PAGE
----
I don't think you even know what a gem you have there.. I have restored many pieces of Cast Iron cookware using numerous methods and the one you used is hands down the best.. NO CHEMICALS!! (Oven cleaner is HIGHLY TOXIC and will penetrate the pores of the Cast Iron) Just a little bit of elbow grease and a few rounds in the oven with Flax seed oil (food grade linseed oil).. GREAT JOB!!!

    3 replies

    Extremely rusty cast iron can be sandboxed to remove the rust and any burned on carbon on the outside of the cookware. I buy old cast iron cookware at auctions and referb it and sell it at flea markets. Look for Griswald and Wagner. Made in U.S.A. and the best names in cast iron cookware.

    I have my mother's 10" Griswald pan and A Wagner chicken fryer with lid that was given to her by her mother on her wedding day. Both were old then and upon her death I got them. I am 65 Y.O.

    That's sandblasted. I really hate autocorrect!

    oven cleaner is just sodium hydroxide. It dissolves itself fine in water, and it's neutralised by any acid such as vinaigar.

    Useful instruction. I'll try this with my old pan

    You did a good job on cleaning the pan. My husband would always take cast iron and start a fire outside, (we have always lived in the country), and put new and cast iron that needed refreshing and let them burn in the fire until the fire died out. Usually the next day. Then he would take a special stone for honing knives and rub the pan inside and out and then wipe it with a damp cloth and put in oven until dry. When dry we would oil the inside of the pan and put it back into the oven for about a hour. The pan would be smooth as a baby's bottom and nothing would stick. You mentioned that "People have commented how modern cast iron pans (like Lodge) have a
    grainy surface, compared to the completely smooth pans one could find
    many decades ago" The more you season a pan the smoother they get. Has nothing to do with how they are made. It is simply how well people take care of their cast iron pans. You can't beat cast iron for cooking or baking.

    4 replies

    Fred I have to agree and disagree, most modern pans are not machined to save money. One less step in the manufacturing process. All my old pans are machined but my new one have been worn into a smooth bottom. That being said it is how you treat them that makes work well.

    The older Griswald pans were definitely machined, you can see the marks like stated in another comment. I tried "filling in" the rough surface with seasoning, couldn't do it. I sanded a Lodge pan and use it daily. I scrape the my pans with a stiff metal spatula to remove food bits followed by a wipe of oil or sometimes a hot water rinse before oil.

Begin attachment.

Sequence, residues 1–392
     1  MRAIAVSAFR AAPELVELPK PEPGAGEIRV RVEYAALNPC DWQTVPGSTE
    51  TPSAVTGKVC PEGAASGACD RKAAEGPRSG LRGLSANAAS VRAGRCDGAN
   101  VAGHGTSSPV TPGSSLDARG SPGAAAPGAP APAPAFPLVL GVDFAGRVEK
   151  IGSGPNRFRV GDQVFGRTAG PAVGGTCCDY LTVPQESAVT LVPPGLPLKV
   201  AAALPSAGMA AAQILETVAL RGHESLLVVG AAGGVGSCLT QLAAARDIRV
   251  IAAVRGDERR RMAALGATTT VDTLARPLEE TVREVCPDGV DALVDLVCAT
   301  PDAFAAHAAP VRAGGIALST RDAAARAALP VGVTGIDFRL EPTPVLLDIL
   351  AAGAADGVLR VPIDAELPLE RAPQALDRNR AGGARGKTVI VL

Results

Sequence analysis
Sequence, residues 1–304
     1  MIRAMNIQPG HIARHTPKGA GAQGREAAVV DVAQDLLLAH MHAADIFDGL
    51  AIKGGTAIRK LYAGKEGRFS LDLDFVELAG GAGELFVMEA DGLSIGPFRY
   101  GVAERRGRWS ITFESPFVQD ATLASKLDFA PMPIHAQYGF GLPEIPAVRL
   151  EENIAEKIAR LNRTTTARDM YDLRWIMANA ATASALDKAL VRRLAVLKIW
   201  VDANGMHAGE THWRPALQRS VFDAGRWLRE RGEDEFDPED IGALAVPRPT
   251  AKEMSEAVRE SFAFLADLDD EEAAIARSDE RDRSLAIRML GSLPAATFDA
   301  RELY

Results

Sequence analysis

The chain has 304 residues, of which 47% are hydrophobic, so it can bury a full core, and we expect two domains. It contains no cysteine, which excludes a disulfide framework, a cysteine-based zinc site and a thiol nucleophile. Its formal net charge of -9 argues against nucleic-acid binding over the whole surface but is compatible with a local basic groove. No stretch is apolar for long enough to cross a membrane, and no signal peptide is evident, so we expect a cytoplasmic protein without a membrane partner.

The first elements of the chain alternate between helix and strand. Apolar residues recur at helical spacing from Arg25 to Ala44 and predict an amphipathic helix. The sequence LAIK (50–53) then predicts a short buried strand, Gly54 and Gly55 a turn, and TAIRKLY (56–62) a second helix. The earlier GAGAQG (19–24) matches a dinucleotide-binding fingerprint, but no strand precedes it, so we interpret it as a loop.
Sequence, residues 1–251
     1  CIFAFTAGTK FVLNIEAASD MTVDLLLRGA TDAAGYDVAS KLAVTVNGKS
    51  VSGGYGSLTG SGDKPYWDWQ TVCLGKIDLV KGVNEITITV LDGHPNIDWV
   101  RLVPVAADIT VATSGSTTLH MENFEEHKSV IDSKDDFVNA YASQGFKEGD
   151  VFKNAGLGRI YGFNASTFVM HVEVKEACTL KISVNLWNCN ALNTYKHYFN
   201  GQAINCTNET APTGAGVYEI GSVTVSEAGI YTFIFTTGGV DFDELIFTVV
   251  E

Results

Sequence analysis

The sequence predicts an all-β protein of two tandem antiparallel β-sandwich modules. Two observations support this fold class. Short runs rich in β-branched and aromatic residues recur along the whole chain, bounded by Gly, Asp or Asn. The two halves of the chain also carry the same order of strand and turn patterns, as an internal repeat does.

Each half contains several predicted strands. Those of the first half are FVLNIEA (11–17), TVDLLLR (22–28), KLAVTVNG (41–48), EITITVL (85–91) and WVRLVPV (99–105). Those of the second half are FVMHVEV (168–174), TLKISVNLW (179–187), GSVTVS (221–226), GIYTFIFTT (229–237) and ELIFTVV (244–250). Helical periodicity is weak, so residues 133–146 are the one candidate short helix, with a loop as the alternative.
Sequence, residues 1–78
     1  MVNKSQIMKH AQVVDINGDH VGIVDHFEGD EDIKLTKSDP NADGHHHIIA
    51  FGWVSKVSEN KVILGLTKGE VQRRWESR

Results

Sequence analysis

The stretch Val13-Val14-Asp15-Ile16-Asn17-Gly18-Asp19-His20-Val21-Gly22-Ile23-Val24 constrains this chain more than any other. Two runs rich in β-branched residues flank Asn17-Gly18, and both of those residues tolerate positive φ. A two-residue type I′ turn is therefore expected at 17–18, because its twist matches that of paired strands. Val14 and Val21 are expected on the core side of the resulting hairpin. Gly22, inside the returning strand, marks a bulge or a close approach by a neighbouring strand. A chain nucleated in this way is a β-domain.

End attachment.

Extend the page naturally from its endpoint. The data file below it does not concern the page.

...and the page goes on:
Like stated elsewhere in the comments, some early pans are made very smooth. I have a couple of examples that show the machining done to the bottom and sides. Modern pots just dont get the extra work to make them smooth before leaving factory.

    agree with both--multiple layers of seasoning smooth out surface irregularities, but, I am pretty sure when I looked at some old super smooth pans I saw concentric spiral machining pattern on the surface, vs. the straight-from-sand-cast gritty surface of other (modern?) pans

    My method of restoring a cast iron pan

    I put the pan in a self cleaning over and start the cleaning cycle. This burns off all of the gunk that has collected on the pan. When it has cooled, I wash and rinse the pan - ok to use a little soap this time to get the ash off. Then I season the pan by rubbing with shortening and putting in a heated oven at around 300F for a couple of hours. Don't use too much of any kind of oil or shortening otherwise you will just start the uneven buildup of gunk again. When it has cooled, rinse the pan with hot water and it is ready to use. To keep the pan seasoned, I only wipe out any food particles and rinse with hot water. Using dish liquid will slowly remove the seasoning over time.

    1 reply

    I have been waiting for a crusty one to try and clean in the oven. I knew it would work! Thanks for confirming it for me.

    From Jamaica ... I have a large 10' frying pan that has been used as to rill meats using a ss grate across the mouth as the pan is heated on a gas burner. This has caused pieces of metal to flake off when heated ...should I get this machined flat or try the wire brush / sander method ??

    I have my Grandmother's cast iron pans. (Several skillets and a Dutch Oven) They have been seasoned many times over the years (I am 75 and brought them to my marriage) Best cooking surface, non-stick, and heat evenly. They work well in the oven, too. All of these old pans have porous surfaces - that way they retain the oil - which further seasons them with each use. I wash them with soap and water, dry them:: then pop them into the oven to remove the moisture the towel misses. Only drawback is you need a lot of pot holders handy.

    1 reply

    I don't like using my cast iron skillet because everything sticks to the pan. I used to love to make meatloaf but the bottom burned.
    Any tips?